Pro-Charter School Group Spent Nearly $6 Million in Media Blitz NYC: Lobbyists representing de Blasio's own interests were also heavy spenders this year. The Campaign for One New York spent $1.76 million on its own successful pitch to expand pre-kindergarten, which included money from unions.

Chalkbeat forms partnership with the Commercial Appeal ChalkbeatTN: Our reporters’ work has also appeared in the Tri-State Defender and on WKNO.  We hope that this partnership with the Commercial Appeal will help us reach even more readers and advance the conversation around how to improve education opportunities for children who need them most.

Audit finds missing, misused funds at LA charter network KPCC: An audit showed Magnolia Public Schools used classroom cash to help six non-employees with immigration costs. The schools had trouble justifying another $3 million expense.

Seattle School Board Picks Interim Superintendent Seattle Public Radio: The Seattle School Board voted unanimously Friday to make Larry Nyland the interim schools chief to replace outgoing Superintendent Jose Banda.

In Asheville, N.C., Summer Vacation Lasts Just A Few Weeks NPR: Can year-round school spell the end of the "summer slide" for disadvantaged kids?

DJ Turns The Sounds Of A Classroom Into The Feel Good Song Of The Summer HuffPost: Edgar Camago is a San Francisco third grade teacher and also a music producer. For the second time, he's combined his two livelihoods to create an original song using sounds from the classroom as well as vocals from his students, and instruments played by them.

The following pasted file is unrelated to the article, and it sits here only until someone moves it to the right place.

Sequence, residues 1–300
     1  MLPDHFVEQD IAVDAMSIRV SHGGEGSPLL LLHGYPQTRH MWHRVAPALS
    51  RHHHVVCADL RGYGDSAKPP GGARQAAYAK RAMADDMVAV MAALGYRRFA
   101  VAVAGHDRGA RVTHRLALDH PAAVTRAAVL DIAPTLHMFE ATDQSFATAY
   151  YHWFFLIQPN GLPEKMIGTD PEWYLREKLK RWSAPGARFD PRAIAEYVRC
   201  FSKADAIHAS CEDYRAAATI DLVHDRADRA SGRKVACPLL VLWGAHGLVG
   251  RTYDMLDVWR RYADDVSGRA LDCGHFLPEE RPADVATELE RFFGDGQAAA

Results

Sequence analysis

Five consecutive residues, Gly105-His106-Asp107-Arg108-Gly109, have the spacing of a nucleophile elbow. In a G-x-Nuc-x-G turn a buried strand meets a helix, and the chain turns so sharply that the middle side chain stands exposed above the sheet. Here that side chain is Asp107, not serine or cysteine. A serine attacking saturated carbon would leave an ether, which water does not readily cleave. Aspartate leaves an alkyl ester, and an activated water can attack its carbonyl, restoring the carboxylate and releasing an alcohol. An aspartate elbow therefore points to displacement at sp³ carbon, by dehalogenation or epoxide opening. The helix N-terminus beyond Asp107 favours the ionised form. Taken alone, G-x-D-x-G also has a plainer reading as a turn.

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  • Chicago Teachers Turn to Crowdfunding to Open Preschools | TIME http://ow.ly/zoH38

  • My Brother’s Keeper Program Grows to Include More Impoverished Minorities - NYTimes.com http://ow.ly/zoHyo

  • I hear Business is NOT going a usual. It seems like quite a few teachers have been called downtown for residency violations since the close of last school year, including one of the so-called Lazy 11 gym teachers from Lane high school. Can anyone verify this?

    Plus, I heard this from a colleague who says she heard it from a union rep. CPS will no longer allow teachers to live outside Chicago on a residency waiver after their current waiver expires. Can anyone verify this?

  • I could never understand if the residency requirement was meant to keep teachers in Chicago,or keep them out.

  • So far a big percentage of teachers live out of the City.
    Veteran teachers hired before November 20,1996 still can maintain their suburban residences and work for CPS(please correct if I am wrong).
    Many teachers have fake addresses in the City as well.
    Unfortunately,veterans are on the fire line so very soon it will be not relevant when person was hired.